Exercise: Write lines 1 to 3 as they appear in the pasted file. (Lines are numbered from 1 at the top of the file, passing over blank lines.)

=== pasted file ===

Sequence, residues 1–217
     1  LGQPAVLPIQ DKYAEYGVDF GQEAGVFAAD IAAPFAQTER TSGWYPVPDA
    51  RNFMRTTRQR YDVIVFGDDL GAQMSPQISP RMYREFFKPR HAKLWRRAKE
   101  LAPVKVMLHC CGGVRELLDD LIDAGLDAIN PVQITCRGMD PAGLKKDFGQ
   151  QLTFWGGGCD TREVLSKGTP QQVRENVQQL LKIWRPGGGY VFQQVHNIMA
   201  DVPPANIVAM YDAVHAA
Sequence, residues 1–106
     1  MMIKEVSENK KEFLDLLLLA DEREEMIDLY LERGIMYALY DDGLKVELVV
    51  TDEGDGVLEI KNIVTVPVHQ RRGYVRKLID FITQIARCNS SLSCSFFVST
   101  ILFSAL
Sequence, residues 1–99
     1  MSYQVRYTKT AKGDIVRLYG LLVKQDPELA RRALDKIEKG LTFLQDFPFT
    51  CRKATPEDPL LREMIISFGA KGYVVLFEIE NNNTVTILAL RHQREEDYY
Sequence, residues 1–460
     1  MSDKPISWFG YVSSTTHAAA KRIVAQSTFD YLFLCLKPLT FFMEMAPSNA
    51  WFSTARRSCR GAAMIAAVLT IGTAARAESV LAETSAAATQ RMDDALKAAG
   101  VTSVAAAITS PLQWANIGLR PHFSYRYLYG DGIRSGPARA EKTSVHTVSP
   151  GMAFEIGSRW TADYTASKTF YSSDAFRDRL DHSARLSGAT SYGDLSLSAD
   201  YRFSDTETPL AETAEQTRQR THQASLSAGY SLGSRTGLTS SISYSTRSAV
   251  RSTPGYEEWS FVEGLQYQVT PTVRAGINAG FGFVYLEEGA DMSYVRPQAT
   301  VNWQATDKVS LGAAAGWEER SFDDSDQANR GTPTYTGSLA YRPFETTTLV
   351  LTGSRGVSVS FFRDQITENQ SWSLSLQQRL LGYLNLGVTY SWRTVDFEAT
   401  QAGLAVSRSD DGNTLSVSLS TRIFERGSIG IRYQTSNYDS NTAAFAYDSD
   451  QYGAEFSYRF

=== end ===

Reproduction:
Sequence, residues 1–217
     1  LGQPAVLPIQ DKYAEYGVDF GQEAGVFAAD IAAPFAQTER TSGWYPVPDA
    51  RNFMRTTRQR YDVIVFGDDL GAQMSPQISP RMYREFFKPR HAKLWRRAKE